“The skating technical advisor for the film was original Z-Boy Stacy Peralta. Among the skateboarders who appear in the film as stunt skaters are Mike McGill, “Gator” Mark Rogowski, Rodney Mullen, Rich Dunlop, Eric Dressen, Lance Mountain, Mike Vallely, Chris Black, Ted Ehr, Natas Kaupas, Chris Borst, and Steve Saiz. Tony Hawk (Buddy) and Tommy Guerrero (Sam), then members of the Bones Brigade, appear in the film as members of Brian’s skate crew. Future lead singer of The Aquabats and creator of Yo Gabba Gabba!, Christian Jacobs, also appears in the film as Gremic.”

I love Yo Gabba Gabba! Okay, I’ll steal the “definition” of Gleaming The Cube from Wikipedia as well:

“The title of the film refers to the cryptic question “Have you ever gleemed [sic] inside a cube?” that Garry Scott Davis (GSD) asked Neil Blender in an interview in the December 1983 issue of Thrasher magazine. In the film, Christian Slater’s character defines “gleaming the cube” as “pushing your limits to the edge.””

The film follows Slater trying to find out the truth about his brother’s death, which was made to look like a suicide. In typical 80s fashion, this teen investigating what ends up being a smuggling crime ring isn’t exactly realistic and of course ends with a silly but fun chase scene involving skateboards and his group of skater friends. But it’s an enjoyable film and I’ve seen far cheesier. Definitely worth watching if you like Slater & movies of that era. I know I’d have really liked this if I’d seen it in 1989.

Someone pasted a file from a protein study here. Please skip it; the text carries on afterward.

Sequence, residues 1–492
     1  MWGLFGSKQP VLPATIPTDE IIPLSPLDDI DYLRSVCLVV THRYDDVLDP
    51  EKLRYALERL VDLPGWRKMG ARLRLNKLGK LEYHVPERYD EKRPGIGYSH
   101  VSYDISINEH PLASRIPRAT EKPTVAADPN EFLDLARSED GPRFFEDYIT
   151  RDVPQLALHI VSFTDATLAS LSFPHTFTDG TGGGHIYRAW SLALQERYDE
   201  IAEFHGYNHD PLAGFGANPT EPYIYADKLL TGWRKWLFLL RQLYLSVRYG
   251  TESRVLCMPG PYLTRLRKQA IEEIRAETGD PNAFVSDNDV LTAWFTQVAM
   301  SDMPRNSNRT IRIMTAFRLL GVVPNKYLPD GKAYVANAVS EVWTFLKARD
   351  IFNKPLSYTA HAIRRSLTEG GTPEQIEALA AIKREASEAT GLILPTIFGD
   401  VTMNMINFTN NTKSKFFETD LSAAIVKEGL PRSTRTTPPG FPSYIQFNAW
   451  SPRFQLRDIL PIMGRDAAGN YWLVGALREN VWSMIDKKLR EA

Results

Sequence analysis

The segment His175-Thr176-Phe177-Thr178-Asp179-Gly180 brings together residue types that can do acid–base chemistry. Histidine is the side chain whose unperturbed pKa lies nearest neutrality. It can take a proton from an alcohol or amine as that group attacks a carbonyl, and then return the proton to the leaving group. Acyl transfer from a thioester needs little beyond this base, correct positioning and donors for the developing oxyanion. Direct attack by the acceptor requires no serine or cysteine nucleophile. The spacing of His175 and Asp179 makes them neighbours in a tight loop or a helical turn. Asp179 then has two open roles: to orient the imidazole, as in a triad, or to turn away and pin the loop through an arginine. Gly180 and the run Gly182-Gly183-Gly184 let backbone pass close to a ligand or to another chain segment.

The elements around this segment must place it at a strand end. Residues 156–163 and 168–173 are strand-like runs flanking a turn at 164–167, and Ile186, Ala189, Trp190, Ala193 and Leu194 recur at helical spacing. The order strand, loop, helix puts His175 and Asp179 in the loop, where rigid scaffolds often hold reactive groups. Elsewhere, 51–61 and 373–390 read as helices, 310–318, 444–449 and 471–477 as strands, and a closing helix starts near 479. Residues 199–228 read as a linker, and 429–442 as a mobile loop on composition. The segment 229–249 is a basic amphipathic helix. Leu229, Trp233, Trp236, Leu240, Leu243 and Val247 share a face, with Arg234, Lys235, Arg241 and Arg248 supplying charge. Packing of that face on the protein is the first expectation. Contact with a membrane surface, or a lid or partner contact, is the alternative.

I’ll quickly add that there are some other likable characters in this besides Slater & the skaters (hey, that rhymes). The murdered brother, the brother’s ex-girlfriend (who Slater teams up with following the murder), and the cool detective who originally finds Slater & his friends a nuisance but who later predictably comes to Slater’s aid in his investigation. He was cool. He was in Scarface and then loads of other stuff but I think Scarface was one of his only really big roles. Here he is (Steven Bauer):